The major difference between Division III powers Salisbury and Stevenson is that the Sea Gulls know how to finish and win big games.
Sea Gulls senior attackman Matt Cannone scored cutting across the crease on a over the shoulder feed from junior midfielder Ryan Clarke with 11.7 seconds remaining in the game to give top-ranked Salisbury an 11-10 victory over No. 4 Stevenson on Saturday night.
It was a tense and extremely competitive night at Mustangs Stadium, and the crowd of nearly 2,000 watched as Salisbury scored the game's final three goals in the last 3:17 .
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Cannone pulled the Sea Gulls (15-0 overall, 7-0 Capital Athletic Association) within 10-9 on a goal with 3:17 left, and Salisbury senior attackman Tony Mendes tied the game at 10-10 when he blew by junior defender Kyle Holechek near the right of the crease 12 seconds later.
Those kinds of plays, combined with Cannone's game winner, made the difference as Salisbury came up with big play after big play, and Stevenson couldn't deliver.
Before Cannone's game winner, the Mustangs (12-3, 6-1) turned the ball over twice on their offensive end. They had a six-goal lead late in the third quarterand couldn't hold that either.
Salisbury was only one of seven on extra-man opportunities, but Stevenson was worse connecting on just two of ten. Stevenson had 18 turnovers, six in the fourth quarter.
"There isn't a whole lot of difference between the two teams," said Stevenson coach Paul Cantabene. "We may approach the game a little differently but if we played the game 10 times you wouldn't be able to predict the outcome. They made the plays at the end and we didn't, and that might be the difference between the two clubs. They have more senior leadership than we do."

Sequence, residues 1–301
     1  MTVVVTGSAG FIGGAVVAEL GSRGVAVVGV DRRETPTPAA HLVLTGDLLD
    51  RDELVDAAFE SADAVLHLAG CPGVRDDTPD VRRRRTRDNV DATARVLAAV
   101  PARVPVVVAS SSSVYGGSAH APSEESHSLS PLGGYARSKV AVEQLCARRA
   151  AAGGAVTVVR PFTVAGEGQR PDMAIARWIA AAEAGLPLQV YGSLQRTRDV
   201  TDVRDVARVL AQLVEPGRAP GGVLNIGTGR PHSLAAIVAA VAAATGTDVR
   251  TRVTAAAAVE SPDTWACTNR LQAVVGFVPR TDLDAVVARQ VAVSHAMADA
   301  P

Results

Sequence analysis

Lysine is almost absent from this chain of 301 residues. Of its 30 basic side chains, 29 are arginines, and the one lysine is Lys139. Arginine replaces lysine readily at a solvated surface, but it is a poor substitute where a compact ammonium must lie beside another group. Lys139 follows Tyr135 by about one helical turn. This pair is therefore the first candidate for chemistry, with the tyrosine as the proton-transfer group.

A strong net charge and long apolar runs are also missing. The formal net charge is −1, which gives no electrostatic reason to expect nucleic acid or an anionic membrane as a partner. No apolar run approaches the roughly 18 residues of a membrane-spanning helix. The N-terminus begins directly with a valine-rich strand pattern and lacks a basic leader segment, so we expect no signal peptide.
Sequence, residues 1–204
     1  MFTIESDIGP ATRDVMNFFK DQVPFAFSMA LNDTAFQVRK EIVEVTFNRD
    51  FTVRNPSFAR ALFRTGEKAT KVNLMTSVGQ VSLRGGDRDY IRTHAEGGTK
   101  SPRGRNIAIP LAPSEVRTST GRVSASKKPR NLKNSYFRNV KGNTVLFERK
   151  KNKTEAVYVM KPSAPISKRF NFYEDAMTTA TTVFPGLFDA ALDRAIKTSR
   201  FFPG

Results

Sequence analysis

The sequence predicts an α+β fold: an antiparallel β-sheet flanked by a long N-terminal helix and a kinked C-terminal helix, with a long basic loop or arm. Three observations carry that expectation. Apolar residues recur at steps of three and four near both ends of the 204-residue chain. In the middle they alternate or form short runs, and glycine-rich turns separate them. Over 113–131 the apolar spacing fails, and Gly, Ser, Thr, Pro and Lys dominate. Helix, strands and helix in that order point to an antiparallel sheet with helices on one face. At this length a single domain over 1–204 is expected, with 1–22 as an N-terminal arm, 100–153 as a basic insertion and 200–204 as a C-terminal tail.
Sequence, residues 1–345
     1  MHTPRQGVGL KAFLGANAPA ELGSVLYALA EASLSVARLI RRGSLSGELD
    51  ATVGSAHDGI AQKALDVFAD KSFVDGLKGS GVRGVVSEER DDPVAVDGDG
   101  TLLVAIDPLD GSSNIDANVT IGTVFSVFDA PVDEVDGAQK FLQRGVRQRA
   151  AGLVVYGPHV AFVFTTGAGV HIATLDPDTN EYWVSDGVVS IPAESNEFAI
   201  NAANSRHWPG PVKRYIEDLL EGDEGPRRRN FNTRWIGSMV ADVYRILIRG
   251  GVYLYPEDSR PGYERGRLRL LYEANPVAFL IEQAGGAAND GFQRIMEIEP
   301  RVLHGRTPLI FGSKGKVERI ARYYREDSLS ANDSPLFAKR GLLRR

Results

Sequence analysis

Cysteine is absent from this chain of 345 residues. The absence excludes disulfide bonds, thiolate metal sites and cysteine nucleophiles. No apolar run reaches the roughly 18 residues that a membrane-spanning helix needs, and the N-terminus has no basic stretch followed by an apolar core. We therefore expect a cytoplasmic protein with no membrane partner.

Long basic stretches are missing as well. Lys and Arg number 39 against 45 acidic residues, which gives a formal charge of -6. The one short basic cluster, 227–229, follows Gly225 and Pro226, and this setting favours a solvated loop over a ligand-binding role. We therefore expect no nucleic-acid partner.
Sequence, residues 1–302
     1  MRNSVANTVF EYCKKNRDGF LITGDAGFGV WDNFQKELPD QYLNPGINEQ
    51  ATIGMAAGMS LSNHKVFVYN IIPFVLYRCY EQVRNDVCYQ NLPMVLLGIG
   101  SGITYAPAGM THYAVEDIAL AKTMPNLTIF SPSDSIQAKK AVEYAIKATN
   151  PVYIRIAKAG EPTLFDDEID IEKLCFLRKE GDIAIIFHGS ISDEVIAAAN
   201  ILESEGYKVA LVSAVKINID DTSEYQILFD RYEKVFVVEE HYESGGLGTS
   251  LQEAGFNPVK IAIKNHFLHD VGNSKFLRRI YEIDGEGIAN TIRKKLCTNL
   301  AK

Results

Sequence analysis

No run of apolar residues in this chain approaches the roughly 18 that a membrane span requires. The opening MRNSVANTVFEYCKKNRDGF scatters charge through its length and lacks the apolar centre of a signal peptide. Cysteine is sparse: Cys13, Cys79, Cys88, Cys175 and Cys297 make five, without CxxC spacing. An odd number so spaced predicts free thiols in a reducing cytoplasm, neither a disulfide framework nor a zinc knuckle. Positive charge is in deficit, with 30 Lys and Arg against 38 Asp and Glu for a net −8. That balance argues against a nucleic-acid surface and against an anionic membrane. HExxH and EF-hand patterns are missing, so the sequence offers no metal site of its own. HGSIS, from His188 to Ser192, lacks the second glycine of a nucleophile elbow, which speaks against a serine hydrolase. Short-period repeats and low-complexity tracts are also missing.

"But we'll learn from this and move on," said Cantabene. "Late in the game, I wished we could have held onto the ball and settled things down. But I didn't have any timeouts left, but again, we'll learn from this."
Salisbury was called for three penalties in the first quarter for two minutes, but Stevenson couldn't capitalize and barely got off three shots in those situations.
The closest the Mustangs came to scoring was when freshman attackman Stephen Banick piped a shot with 5:39 left in the first period.
Salisbury scored the only goal of the quarter when Mendes, operating from behind goal, drove to the right and scored on a shot that hugged the inside pipe past goalie Ian Bolland.
But the second period belonged to Stevenson. The Mustangs had four more extra-man opportunities, and capitalized on one of those when sophomore midfielder Chris Dashiell scored with 11:13 left in the half.
Junior attackman Tyler Reid scored on an over the shoulder shot from just outside the crease on a feed from Banick with 6:54 remaining to push Stevenson's lead to 2-1.
Dashiell completed a fast break with a goal with 4:53 left in the half and senior midfielder Nick Rossi, after bouncing around two Salisbury midfielders, scored nearly two minutes later as Stevenson went into the halftime with a 4-1 lead.
Besides the score, Stevenson had one major advantage in only one other category collecting 17 groundballs to 11 for Salisbury.
The Sea Gulls climbed back into the game early in the third quarter on goals by Cannone and midfielder Sam Bradman in the first four minutes, but Stevenson scored the next five straight goals for a 9-3 lead with 52 seconds remaining in the quarter.
But Stevenson got carried away with emotion. In the last 2:25 of the period, the Mustangs got called for two unsportsmanlike conduct penalties and two pushing penalties which led to two Salisbury goals in the final 45 seconds of the quarter.
"Those were some interesting calls," said Cantabene. "After they scored, they lifted their hands up and did things in front of our bench, and the only thing our guy does is lift up his palms to our crowd to get them going, and we get an unsportsmanlike conduct penalty. Everybody does that.
"Then both teams head to the sideline and the next thing I see is Bradman is on the ground from incidental contact, and we get another penalty. The kid they called it on wouldn't hurt a fly."